Getting to know: Goats
Goats are social animals and should at the least be kept in pairs.
A fenced-off area of a large garden, or a small field or paddock is essential. The fencing must be very strong, as goats will always be trying to reach what is on the other side. They are pretty good at escaping by using their mouths to open doors and gates.
Unlike sheep which produce an oily secretion called lanolin into their wool, goats have no natural waterproofing so not surprisingly they don’t like to get wet! They need dry, well ventilated accommodation to shelter in when the weather takes a turn for the worse.
Goats can reach up to two metres on their hind legs and explore everything by nibbling and chewing so anything harmful such as fixtures, fittings and electric cables are kept well hidden!
Food & digestion
Did you know that goats have four stomachs? They will feed for much of the day and spend periods of rest regurgitating food to chew it further and swallowing again this is part of a process called rumination.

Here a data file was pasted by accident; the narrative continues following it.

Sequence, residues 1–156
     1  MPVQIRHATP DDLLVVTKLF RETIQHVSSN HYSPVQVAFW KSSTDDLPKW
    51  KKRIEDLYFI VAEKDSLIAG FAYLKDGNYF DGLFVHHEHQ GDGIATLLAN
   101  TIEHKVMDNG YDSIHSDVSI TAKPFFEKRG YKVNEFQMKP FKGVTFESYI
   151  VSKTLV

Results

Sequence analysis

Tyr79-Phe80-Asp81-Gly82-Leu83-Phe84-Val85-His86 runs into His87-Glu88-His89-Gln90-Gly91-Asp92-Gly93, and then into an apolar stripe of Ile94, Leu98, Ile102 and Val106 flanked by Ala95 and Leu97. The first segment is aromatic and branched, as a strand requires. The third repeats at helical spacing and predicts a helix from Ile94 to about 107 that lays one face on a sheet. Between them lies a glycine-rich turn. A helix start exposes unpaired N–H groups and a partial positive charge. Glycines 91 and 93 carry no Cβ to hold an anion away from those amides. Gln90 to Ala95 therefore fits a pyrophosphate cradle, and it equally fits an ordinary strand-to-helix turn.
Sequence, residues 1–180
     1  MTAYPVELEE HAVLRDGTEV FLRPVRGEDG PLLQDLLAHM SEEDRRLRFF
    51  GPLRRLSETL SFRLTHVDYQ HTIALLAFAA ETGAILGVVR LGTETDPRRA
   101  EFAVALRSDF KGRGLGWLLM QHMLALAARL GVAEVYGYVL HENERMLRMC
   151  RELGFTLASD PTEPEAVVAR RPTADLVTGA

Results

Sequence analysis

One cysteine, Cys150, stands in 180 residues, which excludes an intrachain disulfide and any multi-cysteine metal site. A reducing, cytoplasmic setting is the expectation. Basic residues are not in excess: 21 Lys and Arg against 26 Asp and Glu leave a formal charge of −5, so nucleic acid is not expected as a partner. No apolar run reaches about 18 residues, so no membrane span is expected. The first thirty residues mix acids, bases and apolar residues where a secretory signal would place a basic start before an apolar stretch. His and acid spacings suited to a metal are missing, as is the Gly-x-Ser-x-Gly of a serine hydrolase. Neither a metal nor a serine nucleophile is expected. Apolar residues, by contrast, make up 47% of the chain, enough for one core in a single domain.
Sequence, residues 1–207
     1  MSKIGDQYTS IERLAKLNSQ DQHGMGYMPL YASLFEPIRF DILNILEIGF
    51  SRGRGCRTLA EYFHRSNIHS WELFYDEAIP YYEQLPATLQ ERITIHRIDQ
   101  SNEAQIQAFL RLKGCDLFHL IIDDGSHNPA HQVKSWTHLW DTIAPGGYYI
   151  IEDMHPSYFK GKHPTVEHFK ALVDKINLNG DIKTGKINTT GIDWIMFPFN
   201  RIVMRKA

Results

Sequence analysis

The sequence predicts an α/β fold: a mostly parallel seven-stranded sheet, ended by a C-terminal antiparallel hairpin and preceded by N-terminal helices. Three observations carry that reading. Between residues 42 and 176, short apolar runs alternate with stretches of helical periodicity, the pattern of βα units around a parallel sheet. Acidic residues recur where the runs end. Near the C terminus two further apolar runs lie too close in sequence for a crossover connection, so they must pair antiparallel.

In the wild, goats are grazing animals and will eat a varied diet of grass, weeds, shrubs, branches and hedgerow. If they’re fenced in a grass paddock like ours, they can be given branches and (non-poisonous) hedge trimmings so that they can continue to display their natural behaviour.
Like all good humans, goats that are not wild should be given a balanced diet which can include good quality hay, straw and pellet feed with added vitamins and minerals, particularly in the winter months. Goats can also be fed cereals such as wheat, barley or oats, with vitamin and mineral supplements.
Just like children, goats need to be disciplined from an early age so that they don’t develop any bad habits. Goats do butt each other but this is normal as they develop an order of dominance in the herd. If taught from an early age, goats will not butt other animals or humans.
They are inquisitive little things and love to climb and explore at every available opportunity!
Goats discovered coffee! Apparently in Ethiopia a goat herder saw goats behaving more actively and energetically after eating from a particular bush. He then tried it himself and felt uplifted, awake and full of energy.